Süleyman Seyyid Bey was a Turkish painter and art teacher known for his still-lifes. He was born into a noble Anatolian family, his grandfather was a well-known master craftsman. After completing his primary education, he attended the Turkish Military Academy, his sketches and watercolors attracted the attention of Giovanni Schranz, a Maltese painter, visiting Istanbul. At Schranz's urging, Seyyid decided to pursue art as a career. In 1862, he went to study in Paris at a special school, established for Turkish students entered the workshop of Alexandre Cabanel. After that, he studied in Italy for a year and returned home in 1870, where he became a teacher at the Academy; the following year, Şeker Ahmet Paşa returned from Paris and joined the Academy as its other art teacher. Growing disagreements between the two led to Seyyid's resignation in 1880, he taught at the Kuleli Military High School for four years transferred to the Military Medical School, where he remained until 1910 rising to the rank of Colonel.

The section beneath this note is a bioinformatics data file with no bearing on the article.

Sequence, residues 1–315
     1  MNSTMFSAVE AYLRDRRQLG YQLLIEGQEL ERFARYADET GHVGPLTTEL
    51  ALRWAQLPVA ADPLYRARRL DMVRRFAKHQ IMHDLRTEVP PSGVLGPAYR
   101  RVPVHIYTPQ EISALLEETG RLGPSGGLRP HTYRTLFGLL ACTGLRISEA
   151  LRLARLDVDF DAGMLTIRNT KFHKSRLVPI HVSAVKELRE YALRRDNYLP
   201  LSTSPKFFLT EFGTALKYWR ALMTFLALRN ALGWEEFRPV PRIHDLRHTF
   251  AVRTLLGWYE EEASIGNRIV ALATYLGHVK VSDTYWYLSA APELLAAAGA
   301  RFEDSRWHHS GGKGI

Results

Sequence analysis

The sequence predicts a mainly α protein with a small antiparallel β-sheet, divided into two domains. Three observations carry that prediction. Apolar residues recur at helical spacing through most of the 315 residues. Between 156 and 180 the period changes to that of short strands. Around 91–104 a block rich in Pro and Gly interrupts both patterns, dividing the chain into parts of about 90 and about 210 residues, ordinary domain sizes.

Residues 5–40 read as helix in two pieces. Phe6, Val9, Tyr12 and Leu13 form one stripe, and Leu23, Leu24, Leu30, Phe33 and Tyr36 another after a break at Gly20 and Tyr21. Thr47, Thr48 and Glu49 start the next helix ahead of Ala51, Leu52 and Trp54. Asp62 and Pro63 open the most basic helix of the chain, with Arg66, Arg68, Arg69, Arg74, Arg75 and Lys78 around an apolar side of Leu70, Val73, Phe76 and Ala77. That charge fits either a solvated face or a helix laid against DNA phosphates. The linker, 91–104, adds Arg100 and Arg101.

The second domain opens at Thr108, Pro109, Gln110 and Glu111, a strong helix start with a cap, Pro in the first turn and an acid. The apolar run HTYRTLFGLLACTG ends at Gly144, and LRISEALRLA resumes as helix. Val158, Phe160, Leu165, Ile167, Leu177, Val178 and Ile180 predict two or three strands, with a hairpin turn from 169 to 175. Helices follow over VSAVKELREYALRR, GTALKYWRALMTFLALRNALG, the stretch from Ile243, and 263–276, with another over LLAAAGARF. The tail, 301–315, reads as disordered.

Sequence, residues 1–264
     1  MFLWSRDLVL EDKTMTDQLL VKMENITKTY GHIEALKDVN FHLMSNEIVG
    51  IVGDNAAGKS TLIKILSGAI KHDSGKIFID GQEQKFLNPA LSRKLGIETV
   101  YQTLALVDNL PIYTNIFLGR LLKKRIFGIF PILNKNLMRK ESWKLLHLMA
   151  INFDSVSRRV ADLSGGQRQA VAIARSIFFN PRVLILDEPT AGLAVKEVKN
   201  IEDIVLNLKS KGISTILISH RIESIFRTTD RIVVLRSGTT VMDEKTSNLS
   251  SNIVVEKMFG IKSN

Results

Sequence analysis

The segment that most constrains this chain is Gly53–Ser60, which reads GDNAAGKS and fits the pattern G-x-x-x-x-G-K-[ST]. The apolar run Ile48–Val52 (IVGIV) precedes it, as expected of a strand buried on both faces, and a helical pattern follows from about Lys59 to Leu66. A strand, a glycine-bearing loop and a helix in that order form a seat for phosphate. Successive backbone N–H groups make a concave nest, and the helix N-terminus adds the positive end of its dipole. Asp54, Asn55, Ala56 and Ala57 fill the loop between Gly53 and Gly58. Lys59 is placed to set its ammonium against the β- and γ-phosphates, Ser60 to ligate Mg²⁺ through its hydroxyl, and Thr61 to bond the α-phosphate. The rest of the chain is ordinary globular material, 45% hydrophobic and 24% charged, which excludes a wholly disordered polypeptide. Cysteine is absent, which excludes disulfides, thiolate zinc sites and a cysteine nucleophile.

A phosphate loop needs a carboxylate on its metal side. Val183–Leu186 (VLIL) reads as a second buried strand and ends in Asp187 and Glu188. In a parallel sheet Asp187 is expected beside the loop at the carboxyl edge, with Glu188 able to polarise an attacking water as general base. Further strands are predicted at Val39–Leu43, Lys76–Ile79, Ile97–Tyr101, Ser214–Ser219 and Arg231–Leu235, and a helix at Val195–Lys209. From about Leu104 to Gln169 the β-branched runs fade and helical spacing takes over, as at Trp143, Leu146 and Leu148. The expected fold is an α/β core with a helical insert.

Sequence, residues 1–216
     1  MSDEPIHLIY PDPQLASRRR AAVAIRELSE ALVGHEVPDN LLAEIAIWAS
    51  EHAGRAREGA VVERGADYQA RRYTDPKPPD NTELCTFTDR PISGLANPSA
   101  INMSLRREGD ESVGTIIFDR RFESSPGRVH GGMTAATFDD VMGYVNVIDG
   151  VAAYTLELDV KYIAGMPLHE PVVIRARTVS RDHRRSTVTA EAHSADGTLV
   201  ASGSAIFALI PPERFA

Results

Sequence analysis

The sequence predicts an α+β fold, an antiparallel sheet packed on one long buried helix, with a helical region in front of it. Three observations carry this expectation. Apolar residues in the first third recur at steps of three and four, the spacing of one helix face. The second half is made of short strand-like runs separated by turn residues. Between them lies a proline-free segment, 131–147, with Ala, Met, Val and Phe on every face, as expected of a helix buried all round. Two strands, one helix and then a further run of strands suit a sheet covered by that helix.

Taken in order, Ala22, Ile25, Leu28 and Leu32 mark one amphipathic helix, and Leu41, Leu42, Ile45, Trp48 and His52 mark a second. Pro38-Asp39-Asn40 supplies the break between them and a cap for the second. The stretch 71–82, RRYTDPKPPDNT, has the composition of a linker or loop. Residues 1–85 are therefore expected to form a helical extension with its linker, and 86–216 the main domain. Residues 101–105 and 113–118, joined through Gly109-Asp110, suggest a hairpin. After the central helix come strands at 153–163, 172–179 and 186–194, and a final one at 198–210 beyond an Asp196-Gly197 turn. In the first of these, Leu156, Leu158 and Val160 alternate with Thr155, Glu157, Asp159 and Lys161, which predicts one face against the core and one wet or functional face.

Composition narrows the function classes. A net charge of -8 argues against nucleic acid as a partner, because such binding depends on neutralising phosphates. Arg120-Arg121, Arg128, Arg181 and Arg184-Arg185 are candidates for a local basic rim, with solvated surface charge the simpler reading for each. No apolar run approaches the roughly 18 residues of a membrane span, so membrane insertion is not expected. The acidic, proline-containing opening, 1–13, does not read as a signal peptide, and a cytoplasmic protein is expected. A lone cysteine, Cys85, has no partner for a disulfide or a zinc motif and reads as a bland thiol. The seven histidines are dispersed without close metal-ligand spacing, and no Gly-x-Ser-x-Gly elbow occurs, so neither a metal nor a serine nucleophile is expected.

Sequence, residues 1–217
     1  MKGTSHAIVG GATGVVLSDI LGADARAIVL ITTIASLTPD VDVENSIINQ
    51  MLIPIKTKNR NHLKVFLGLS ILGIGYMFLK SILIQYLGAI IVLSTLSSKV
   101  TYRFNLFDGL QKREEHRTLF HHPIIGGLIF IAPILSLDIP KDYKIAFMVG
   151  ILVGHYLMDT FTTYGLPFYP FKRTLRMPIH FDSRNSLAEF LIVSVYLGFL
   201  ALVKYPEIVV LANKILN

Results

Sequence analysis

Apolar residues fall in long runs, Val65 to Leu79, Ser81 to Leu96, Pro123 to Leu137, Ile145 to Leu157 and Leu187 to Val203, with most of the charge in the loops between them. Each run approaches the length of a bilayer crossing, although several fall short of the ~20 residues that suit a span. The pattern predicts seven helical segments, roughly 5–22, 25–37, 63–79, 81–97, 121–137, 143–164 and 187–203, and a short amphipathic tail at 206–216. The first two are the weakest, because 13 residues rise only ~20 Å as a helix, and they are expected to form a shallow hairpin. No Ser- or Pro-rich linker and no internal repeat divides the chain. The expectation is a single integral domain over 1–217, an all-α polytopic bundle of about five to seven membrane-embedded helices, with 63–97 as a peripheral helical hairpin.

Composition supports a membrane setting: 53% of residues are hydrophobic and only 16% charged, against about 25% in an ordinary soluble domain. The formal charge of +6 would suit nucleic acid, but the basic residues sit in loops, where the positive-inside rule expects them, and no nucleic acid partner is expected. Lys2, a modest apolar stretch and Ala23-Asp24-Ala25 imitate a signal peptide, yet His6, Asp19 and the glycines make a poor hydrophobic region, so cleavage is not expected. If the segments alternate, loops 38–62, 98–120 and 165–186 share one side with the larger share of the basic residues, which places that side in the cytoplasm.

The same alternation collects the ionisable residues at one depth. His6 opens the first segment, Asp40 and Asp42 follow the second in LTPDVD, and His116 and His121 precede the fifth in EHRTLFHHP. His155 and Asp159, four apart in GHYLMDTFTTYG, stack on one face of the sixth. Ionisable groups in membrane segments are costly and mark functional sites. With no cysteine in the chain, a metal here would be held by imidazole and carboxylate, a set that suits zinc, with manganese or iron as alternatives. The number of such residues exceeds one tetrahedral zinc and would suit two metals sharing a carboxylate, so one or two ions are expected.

During that time, he organized exhibitions intended to familiarize the Ottoman public with Western styles of painting. He wrote essays on art and worked as a translator for several newspapers. An intensely spiritual man, he gave away most of his works. Su resimleri: Süleyman Seyyid'den günümüze Türk resminde suluboya exhibition catalog, Yapı Kredi Kültür Sanat Yayıncılık, 2001 ISBN 975-08-0344-2 Biographical notes and criticism by Taha Toros @ Antikalar